There are some two hundred TV markets in the country, but only one-Boston, Massachusetts-hosted a Golden Age of local programming. In this lively insider account, Terry Ann Knopf chronicles the development of Boston television, from its origins in the 1970s through its decline in the early 1990s. During TV's heyday, not only was Boston the nation's leader in locally produced news, programming, and public affairs, but it also became a model for other local stations around the country. It was a time of award-winning local newscasts, spirited talk shows, thought-provoking specials and documentaries, ambitious public service campaigns, and even originally produced TV films featuring Hollywood stars. Knopf also shows how this programming highlighted aspects of Boston's own history over two turbulent decades, including the treatment of highly charged issues of race, sex, and gender-and the stations' failure to challenge the Roman Catholic Church during its infamous sexual abuse scandal.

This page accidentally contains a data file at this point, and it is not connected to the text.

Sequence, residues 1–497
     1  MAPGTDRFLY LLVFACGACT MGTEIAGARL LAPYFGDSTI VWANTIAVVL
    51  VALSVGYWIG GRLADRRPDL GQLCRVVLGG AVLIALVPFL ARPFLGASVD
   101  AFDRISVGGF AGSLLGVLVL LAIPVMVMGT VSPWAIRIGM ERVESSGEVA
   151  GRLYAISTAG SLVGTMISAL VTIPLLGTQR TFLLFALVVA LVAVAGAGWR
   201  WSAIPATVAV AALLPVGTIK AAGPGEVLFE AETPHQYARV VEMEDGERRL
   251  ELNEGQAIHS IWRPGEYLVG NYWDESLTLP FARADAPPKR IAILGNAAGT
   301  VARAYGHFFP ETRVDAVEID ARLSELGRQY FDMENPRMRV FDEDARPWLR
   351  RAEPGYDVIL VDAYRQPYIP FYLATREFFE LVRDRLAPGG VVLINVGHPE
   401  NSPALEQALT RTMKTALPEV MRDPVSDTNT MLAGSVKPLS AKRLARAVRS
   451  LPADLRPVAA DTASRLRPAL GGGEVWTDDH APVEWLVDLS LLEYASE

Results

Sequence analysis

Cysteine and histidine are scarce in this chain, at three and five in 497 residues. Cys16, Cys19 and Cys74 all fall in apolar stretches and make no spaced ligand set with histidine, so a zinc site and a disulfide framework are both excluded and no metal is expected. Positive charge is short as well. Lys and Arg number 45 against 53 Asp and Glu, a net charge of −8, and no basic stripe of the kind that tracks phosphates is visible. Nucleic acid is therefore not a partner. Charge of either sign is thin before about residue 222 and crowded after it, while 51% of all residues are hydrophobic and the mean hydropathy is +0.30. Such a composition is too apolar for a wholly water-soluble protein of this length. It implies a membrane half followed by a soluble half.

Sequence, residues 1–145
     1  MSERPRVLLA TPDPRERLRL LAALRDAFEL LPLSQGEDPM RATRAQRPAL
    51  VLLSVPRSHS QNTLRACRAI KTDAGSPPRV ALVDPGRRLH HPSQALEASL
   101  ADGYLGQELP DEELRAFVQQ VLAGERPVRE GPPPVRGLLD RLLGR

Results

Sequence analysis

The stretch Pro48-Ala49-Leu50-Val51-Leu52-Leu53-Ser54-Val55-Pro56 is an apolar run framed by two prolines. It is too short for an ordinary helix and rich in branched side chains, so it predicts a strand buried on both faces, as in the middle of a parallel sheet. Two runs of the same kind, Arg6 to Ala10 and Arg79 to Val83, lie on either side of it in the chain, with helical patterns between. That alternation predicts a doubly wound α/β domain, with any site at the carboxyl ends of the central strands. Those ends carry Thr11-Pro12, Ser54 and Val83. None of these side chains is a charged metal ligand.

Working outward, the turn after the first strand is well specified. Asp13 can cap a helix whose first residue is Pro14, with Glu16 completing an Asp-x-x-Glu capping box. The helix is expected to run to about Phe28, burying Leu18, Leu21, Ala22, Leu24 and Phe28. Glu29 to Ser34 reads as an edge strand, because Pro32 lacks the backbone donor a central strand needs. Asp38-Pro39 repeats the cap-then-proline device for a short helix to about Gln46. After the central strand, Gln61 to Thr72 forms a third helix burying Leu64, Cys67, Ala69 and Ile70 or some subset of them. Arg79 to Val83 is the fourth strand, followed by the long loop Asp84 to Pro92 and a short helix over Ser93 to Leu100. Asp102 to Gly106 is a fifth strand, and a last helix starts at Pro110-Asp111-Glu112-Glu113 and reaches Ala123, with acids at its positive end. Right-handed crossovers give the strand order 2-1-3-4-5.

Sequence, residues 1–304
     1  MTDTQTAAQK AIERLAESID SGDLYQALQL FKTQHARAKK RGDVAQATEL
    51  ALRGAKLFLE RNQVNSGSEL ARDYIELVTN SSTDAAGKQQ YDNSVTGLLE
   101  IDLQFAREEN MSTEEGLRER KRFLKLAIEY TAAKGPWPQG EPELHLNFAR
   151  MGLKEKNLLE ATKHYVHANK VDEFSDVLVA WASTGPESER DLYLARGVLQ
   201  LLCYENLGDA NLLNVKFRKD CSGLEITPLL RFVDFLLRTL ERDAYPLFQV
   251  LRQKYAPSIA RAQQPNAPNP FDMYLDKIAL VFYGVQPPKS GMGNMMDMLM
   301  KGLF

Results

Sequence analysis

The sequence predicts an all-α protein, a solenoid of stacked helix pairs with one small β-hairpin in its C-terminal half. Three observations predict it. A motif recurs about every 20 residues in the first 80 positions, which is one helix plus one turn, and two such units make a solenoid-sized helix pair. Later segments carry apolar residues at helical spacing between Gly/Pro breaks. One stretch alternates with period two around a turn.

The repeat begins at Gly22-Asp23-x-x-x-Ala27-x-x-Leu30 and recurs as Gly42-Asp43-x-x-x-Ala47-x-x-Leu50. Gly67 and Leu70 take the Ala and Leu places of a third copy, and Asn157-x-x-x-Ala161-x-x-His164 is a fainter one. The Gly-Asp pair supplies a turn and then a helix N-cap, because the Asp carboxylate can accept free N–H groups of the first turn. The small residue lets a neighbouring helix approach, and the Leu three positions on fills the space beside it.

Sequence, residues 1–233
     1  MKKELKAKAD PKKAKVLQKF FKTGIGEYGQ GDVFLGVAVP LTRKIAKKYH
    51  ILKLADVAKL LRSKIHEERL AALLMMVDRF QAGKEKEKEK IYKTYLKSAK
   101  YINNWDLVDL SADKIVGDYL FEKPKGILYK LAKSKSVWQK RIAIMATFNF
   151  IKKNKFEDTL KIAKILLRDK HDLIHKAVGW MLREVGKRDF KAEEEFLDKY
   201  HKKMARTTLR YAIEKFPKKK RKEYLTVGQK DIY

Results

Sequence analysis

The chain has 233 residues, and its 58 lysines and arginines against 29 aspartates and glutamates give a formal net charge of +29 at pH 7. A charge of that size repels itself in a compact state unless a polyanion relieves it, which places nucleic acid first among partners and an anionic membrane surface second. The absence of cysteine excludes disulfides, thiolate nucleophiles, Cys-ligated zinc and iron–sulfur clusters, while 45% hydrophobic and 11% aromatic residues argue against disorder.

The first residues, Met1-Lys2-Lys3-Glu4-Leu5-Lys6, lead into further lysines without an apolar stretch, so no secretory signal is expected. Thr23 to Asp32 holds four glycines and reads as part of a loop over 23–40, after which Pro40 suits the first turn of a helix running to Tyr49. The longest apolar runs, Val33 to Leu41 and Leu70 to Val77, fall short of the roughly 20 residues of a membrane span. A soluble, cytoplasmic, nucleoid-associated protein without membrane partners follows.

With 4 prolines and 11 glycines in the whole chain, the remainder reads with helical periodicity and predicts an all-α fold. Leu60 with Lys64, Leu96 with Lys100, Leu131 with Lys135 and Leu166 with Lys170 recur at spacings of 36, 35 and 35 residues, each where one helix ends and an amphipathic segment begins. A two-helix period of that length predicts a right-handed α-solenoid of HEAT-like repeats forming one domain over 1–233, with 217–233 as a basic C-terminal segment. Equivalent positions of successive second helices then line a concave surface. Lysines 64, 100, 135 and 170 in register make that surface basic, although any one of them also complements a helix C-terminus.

Laced with personal insights and anecdotes, The Golden Age of Boston Television offers an intimate look at how Boston's television stations refracted the city's culture in unique ways, while at the same time setting national standards for television creativity and excellence.
Publisher: University Press of New England
Number of pages: 224
Weight: 408 g
Dimensions: 229 x 152 mm
"It's a book that ought to be required reading at schools of communication, because it's a prescription for something that we all agree is sorely needed these days -- better television."-- "The ARTery, WBUR"
"Athoroughly researched, station-by-station examination of the programs, players, and network battles that turned Boston TV into a player on the national stage. . . . A candid and thoughtful book."-- "Boston Globe"
"Full of verve and wit. . . . A wise, lively tour through the characters and events that shaped the Boston television scene--and an insightful exploration of how those events shaped the screens we gaze at today.--Erich Schwartzel "The Wall Street Journal"
"Well written and easy to read, [Knopf's] book is part memoir and part historical account. Ideal for media studies and broadcast students. . . . Recommended."--Erich Schwartzel "Choice"